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SBD/Issue 198/Leagues & Governing BodiesPrint All
Selig Discusses State Of
MLB During Q&A Session
DRUG TESTING: Selig said that he is “happy with the effectiveness” of MLB’s drug-testing policy, and that he “does not believe use of [HGH] is a widespread problem in baseball.” Selig: “I’ve asked that question to a lot of [team] doctors and trainers. The most I’ve gotten out of anybody is, ‘If more than one or two people on our team is doing it, we’d be shocked.’ ... Steroid use has been minimized. On amphetamines, we’re doing okay.” Only one player this season, Mets minor league P Yusaku Iriki, has tested positive for performance-enhancing drugs. When asked if anyone has tested positive for amphetamines this season, Selig said, “Amphetamine testing is working.” The names of first-time amphetamine offenders are not made public (WASHINGTON POST, 7/12).
ALL-STAR GAME ISSUES: Selig said of players such as Red Sox LF Manny Ramirez who are voted to the All-Star Game by fans but do not attend, “Maybe I’m old-fashioned, you’re voted onto the All-Star team, it’s a privilege. You ought to be here” (BOSTON HERALD, 7/12). Selig also suggested that MLB “needed to look into the possibility of enacting a rule that all-star pitchers cannot pitch on the Sunday before the game” (MILWAUKEE JOURNAL SENTINEL, 7/12). The AL won last night’s game 3-2 in the ninth inning, and Selig said of the format awarding home field advantage in the World Series to the game’s winner, “Did you see the reaction of both teams at the end? The intensity was tremendous. That’s the thing that had been missing. And now we’ve brought it back” (MLB.com, 7/12).
CBA TALKS: With the current CBA set to expire in December, Selig said, “I think the relationship between the parties is as good as we have seen. Obviously, nothing is a sure thing. We have a lot of hard negotiations ahead. But I think we’ve come a long way” (N.Y. TIMES, 7/12). He added that owners “are again likely to propose a minimum payroll in upcoming negotiations” (South Florida SUN-SENTINEL, 7/12). Selig also “expressed contentment with the current revenue sharing plan, which should distribute some $323[M] this year.” Selig, on how team use the money: “I have never had a complaint from a big-market club. ... [But] we will not tolerate people not spending the money. We are trying to level the playing field” (BOSTON HERALD, 7/12). Selig said that revenue sharing “is ‘close’ to being adequate enough to eliminate the complaint that teams like the Pirates and [Royals] can’t compete” (PITT. POST-GAZETTE, 7/12). Selig said the Tigers’ on-field resurgence “is proof that the economic system is working” (DETROIT NEWS, 7/12).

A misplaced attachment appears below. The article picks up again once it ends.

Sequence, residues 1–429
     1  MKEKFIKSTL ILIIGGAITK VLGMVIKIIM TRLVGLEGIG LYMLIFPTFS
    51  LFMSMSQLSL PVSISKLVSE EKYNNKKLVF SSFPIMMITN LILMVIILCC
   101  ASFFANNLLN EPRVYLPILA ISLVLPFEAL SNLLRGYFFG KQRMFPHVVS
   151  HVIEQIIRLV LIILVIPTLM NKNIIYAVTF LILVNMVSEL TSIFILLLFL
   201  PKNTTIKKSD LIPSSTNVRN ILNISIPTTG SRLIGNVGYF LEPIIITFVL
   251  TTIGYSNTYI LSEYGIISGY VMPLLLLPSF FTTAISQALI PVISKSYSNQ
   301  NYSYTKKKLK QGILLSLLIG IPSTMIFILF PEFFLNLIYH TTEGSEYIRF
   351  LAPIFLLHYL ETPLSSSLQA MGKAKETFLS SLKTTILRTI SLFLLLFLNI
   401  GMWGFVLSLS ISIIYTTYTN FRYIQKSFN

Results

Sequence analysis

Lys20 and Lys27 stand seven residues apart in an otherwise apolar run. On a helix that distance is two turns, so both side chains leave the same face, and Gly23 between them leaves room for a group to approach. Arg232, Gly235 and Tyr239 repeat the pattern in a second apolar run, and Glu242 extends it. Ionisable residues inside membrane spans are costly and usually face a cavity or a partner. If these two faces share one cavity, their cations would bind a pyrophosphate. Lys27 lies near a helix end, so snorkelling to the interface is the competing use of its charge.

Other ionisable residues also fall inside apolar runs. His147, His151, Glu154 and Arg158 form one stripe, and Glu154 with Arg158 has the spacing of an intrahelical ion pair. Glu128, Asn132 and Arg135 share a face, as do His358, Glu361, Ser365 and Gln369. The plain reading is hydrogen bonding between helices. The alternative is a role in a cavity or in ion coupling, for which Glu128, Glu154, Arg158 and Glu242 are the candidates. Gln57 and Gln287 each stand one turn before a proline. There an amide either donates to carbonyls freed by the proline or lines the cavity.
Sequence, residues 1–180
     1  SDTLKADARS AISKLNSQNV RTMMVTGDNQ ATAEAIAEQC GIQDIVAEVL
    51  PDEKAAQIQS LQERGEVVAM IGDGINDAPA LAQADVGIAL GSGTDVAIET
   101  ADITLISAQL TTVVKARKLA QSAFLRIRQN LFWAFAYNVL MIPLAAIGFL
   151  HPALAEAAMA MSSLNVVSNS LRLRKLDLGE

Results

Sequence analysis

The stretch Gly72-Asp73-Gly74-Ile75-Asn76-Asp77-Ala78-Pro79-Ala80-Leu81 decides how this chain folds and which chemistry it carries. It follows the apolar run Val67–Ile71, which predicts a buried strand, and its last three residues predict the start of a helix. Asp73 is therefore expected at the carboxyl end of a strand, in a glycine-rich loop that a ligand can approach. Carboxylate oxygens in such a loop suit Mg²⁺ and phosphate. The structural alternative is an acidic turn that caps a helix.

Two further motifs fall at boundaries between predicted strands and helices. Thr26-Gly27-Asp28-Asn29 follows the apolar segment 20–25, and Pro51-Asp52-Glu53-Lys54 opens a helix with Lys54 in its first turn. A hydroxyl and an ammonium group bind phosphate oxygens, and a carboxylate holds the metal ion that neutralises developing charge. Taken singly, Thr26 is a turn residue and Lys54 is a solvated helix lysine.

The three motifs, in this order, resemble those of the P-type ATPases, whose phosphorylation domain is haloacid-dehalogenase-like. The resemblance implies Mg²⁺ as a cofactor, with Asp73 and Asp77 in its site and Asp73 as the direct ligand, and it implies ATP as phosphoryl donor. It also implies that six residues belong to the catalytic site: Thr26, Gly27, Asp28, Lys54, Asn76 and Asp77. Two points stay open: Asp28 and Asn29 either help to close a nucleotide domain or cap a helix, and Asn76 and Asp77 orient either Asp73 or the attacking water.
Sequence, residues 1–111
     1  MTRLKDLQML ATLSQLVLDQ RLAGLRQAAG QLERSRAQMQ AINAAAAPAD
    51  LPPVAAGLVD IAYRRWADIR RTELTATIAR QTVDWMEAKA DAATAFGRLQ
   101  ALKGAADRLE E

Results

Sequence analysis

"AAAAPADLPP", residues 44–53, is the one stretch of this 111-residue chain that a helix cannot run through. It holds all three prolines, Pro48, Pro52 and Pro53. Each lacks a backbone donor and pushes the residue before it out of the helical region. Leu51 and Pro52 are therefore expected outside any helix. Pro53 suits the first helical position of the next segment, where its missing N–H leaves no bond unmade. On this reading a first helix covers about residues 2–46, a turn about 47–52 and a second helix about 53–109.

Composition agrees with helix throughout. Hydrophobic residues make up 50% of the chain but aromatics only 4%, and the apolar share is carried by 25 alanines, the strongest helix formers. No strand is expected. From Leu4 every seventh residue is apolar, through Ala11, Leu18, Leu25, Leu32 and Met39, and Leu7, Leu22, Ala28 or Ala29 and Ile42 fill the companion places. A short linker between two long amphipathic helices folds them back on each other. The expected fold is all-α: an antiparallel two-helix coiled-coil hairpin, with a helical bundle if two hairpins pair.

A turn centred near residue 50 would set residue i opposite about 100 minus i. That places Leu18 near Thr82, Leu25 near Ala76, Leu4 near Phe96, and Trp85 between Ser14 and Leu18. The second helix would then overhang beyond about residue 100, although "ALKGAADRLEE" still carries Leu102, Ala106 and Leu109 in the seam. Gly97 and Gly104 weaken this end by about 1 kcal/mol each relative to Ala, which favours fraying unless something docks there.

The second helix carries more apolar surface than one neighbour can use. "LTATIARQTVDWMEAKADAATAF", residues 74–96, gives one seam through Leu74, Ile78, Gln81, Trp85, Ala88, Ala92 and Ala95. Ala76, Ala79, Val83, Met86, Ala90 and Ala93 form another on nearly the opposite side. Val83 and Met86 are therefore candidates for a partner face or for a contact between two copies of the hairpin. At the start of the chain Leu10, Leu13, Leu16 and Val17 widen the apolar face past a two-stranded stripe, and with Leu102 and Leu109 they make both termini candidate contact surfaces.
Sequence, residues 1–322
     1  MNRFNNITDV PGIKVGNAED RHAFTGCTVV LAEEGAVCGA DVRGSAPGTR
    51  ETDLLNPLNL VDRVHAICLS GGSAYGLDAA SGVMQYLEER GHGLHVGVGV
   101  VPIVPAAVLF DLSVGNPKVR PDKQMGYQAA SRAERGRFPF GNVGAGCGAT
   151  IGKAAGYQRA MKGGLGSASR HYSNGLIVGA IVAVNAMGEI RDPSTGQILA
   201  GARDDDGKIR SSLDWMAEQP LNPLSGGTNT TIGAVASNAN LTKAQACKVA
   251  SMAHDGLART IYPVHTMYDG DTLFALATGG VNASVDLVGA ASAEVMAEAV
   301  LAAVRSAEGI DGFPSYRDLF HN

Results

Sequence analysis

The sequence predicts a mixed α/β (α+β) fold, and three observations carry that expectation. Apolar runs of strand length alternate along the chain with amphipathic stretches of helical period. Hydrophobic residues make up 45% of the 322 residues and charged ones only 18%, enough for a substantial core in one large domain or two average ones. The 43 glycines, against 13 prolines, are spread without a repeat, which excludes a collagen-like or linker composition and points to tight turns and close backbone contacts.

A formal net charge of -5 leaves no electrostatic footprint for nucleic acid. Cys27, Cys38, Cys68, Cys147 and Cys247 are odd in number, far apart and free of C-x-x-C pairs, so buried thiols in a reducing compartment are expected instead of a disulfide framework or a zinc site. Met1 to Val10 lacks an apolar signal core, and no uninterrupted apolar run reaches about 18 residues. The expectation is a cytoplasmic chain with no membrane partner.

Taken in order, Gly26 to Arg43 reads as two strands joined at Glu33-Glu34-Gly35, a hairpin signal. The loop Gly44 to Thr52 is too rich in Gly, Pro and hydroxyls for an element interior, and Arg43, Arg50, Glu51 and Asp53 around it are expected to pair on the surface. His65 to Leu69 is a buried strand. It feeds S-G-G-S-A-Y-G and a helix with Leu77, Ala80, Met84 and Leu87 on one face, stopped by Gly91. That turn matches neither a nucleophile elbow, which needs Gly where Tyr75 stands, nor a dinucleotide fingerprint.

Selig Says ’08 All-Star Game At Yankee
Stadium Could Become A Reality
(PHILADELPHIA DAILY NEWS, 7/12). Blue Jays President Paul Godfrey believes that his team has “a good chance of landing” the 2010 or 2012 All-Star Game. Godfrey: “In two or three years, our stadium will have enough of a makeover that we feel we’ll have a shot”
(Toronto GLOBE & MAIL, 7/12). The Twins and MLB “have had informal dialogue about bringing another All-Star Game to Minnesota.” The “best bet for the game is 2014, 2015 or 2016 in the new downtown Minneapolis ballpark, scheduled to open in 2010” (ST. PAUL PIONEER PRESS, 7/12).
LEAGUE NOTES: Selig, on the state of George Mitchell’s steroid investigation: “He’s very independent. I don’t hear from him” (N.Y. POST, 7/12)....Selig said that there is “no prospect of unifying the [AL and NL] with either an MLB-wide implementation or elimination of the [DH] unless there’s a ‘cataclysmic event like geographical realignment of both leagues,’ a matter that is not currently under discussion” (MLB.com, 7/11)....Selig said that he “intends to change” the blackout policy for MLB Extra Innings and MLB.TV “that leaves some cities without as many as six baseball games each night.” Selig: “I’ve already told our people we have to do something about it” (SPORTS.YAHOO.com, 7/12).
FRANCHISE NOTES: Selig said of the Pirates’ ownership group, “I have faith in this group. I know how determined they are, and I know how desperate they are to produce a winner.” He noted that the Reds and Tigers “have recently rebounded, and markets such as Oakland and Minnesota field competitive teams” (PITTSBURGH POST-GAZETTE, 7/12). Selig: “If you think changing ownership is an immediate panacea to solving this problem, you’re kidding yourself” (Pittsburgh TRIBUNE-REVIEW, 7/12)....Selig said of the Phillies’ handling of the alleged domestic violence incident involving P Brett Myers, “Once they got everything in perspective, I think they’ve handled it very well” (PHILADELPHIA INQUIRER, 7/12)....Selig “emphasized that [MLB] is committed to keeping baseball in South Florida,” despite the Marlins’ failed attempts to build a new ballpark. But Selig added, “They can’t survive in [Dolphin Stadium]. A ballpark is the only economic variable that can control your revenue” (PALM BEACH POST, 7/12).